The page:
January 2021 was a Stellantis and V8-heavy vehicle test month in my neck of the woods. Mid-month, a Dodge Durango SRT showed up, and just two weeks later a Ram 1500 TRX growled its way into my driveway. Sandwiched in between those two piles of automotive red meat was something completely different — the salad course in between the cheese plate and the main dish if you will. I spent a week with the 2021 Hyundai Ioniq Plug-In Hybrid Limited, and it was quite the palate cleanser.
Because of the beefy vehicles that surrounded this car in my test lineup, it’d be easy to forget the Ioniq, but there are a few key factors that make the Hyundai a memorable vehicle, though one that is lacking in thrills. At first glance, it’s a normal-looking car with fairly mainstream styling. But it’s a normal-looking car that delivers incredible fuel economy. I drove the Hyundai Ioniq PHEV through heavy snow, used it as an impromptu moving truck, and ferried kids to school. The little Hyundai took it all in stride, and for the most part, made it look easy.
Impressive Hybrid Snow Driving Performance
It might seem odd that a car with such narrow efficiency-minded tires would do well in the snow, but the Ioniq PHEV was remarkably sure-footed. Of course, it wasn’t Subaru-level sure-footedness, but it was far from stressful on the highway in very wintery conditions. It tracked fairly true and had little trouble with traction, despite the narrow tires.
The only real issue to speak of was with the sensors for various driver aids giving false alarms when covered with snow. Hyundai warns about in the owner’s manual, and it’s quite understandable, so it’s really just a nuisance that you’ll likely have to deal with on any modern technology-packed vehicle.
Electrified Drivetrains & Hybrid Power
The 2021 Hyundai Ioniq can be purchased with either a hybrid, a plug-in hybrid (PHEV), or an all-electric drivetrain. The Ioniq PHEV is powered by a 1.6L inline-four combined with a 45kW (60 hp) electric motor that produces a combined 139 system horsepower. Power reaches the front wheels through a 6-speed dual-clutch transmission (DCT).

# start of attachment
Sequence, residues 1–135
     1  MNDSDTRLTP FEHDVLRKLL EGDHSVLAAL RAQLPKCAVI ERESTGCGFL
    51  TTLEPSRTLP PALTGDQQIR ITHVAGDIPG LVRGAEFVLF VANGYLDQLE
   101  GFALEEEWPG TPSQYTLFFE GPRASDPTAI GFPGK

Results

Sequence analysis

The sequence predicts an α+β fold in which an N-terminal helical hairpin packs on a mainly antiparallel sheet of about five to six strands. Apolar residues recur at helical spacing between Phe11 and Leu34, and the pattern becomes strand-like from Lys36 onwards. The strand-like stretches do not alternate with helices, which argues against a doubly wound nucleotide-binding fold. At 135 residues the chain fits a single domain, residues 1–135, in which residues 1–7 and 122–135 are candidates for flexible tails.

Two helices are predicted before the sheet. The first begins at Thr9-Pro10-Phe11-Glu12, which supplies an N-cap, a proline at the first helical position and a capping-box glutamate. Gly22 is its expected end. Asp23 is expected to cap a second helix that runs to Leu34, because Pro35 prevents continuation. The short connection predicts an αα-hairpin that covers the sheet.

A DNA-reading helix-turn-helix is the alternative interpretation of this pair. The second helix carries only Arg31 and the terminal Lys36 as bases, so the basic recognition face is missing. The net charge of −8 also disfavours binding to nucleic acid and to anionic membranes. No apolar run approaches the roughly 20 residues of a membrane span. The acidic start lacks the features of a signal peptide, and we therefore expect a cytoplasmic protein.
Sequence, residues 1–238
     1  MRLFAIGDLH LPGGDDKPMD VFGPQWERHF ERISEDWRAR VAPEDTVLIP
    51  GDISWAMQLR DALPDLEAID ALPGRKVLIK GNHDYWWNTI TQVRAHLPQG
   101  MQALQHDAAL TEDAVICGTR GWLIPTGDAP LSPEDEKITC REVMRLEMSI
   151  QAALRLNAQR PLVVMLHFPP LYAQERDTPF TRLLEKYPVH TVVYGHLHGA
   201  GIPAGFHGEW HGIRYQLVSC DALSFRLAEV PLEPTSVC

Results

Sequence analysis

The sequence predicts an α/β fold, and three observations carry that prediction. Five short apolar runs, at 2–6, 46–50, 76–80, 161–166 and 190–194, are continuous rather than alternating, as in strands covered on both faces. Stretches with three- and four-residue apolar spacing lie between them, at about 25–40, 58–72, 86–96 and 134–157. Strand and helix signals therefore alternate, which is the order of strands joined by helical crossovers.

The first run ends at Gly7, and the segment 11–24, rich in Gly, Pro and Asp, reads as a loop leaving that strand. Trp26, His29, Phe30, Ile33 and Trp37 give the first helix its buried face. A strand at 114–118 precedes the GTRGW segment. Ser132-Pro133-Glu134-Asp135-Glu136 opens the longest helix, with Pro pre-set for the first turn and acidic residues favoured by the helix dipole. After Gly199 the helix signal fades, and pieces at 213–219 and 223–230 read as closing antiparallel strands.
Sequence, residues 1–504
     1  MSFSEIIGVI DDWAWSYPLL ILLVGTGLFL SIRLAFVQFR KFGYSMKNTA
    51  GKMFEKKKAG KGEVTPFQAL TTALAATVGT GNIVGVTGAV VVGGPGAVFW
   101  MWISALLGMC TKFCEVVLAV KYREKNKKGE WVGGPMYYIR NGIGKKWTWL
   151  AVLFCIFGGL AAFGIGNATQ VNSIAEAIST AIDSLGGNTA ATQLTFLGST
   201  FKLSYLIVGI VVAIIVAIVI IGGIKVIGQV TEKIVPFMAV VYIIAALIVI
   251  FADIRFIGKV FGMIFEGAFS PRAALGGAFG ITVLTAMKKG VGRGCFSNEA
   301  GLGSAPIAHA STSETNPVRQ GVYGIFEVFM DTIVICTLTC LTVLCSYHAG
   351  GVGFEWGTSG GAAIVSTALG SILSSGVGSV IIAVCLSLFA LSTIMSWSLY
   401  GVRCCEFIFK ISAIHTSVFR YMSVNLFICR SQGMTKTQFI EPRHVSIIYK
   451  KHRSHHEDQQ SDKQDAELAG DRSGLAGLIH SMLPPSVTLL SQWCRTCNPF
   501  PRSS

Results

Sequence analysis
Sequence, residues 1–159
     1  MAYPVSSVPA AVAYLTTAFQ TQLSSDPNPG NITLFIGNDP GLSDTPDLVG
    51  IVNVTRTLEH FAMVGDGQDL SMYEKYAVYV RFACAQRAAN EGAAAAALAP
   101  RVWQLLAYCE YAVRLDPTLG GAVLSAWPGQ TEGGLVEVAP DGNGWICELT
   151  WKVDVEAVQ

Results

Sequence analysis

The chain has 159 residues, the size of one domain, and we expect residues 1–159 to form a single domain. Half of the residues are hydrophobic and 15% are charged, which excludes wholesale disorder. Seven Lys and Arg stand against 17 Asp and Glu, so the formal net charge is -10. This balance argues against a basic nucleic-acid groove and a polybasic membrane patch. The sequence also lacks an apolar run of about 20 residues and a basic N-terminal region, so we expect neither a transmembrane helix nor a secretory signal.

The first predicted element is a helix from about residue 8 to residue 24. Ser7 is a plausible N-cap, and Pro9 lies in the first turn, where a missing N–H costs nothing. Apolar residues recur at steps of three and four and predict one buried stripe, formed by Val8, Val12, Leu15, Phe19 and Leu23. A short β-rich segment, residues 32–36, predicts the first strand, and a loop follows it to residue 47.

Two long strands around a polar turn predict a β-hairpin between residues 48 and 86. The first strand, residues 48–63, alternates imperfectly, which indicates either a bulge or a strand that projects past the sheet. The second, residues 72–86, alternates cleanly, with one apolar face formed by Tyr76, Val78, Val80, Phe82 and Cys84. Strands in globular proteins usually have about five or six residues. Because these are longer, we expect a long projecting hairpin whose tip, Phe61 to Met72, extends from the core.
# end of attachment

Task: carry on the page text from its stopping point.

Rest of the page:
Now, before we go too far, it’s important to address the use of a DCT here. Most cars in this category use a continuously variable transmission (CVT), which I’ve always been quick to bemoan because they sometimes allow the engine to groan and moan under acceleration. I’m not suggesting Hyundai made the wrong choice by going with the dual-clutch gearbox, but the execution is slightly off in the Ioniq.
The Ioniq PHEV’s DCT has a tendency to stumble a bit at low speeds, which is exacerbated by the fact that there’s just not a ton of power to increase that speed. It’s almost as if the transmission is waiting on the engine to send some indication that it’s time to go but receives mixed signals and has trouble selecting a gear as a result. It’s not a massive problem, but it’s noticeable in stop-and-go traffic and when navigating normal traffic around town.
One upside to that leisurely acceleration is the Ioniq PHEV’s snow performance. With a solid set of tires, the car finds its grip, and just goes. Ground clearance becomes a problem in deeper snow, but a freshly-plowed highway or city road presents little challenge for the front-drive Ioniq.
As the car accelerates, it shifts from running on its electric motor to the gas engine. The handoff between the two is smooth, and the whole package does its job quietly and without complaint.
Solid Fuel Efficiency
My plug-in hybrid test car was estimated by the EPA to achieve 52 mpg combined, which is less than the standard hybrid model’s estimated 59 mpg. Over my week with the vehicle, I calculated a return of around 48 mpg, but that number includes a heavy amount of in-town driving and even some transport of large, heavy items.
That’s a tremendous level of efficiency in the real world and added up to a driving range of well over 500 miles per tank. I always complain about the need for more power, but it’s hard to argue that point when the fuel efficiency is so darn solid.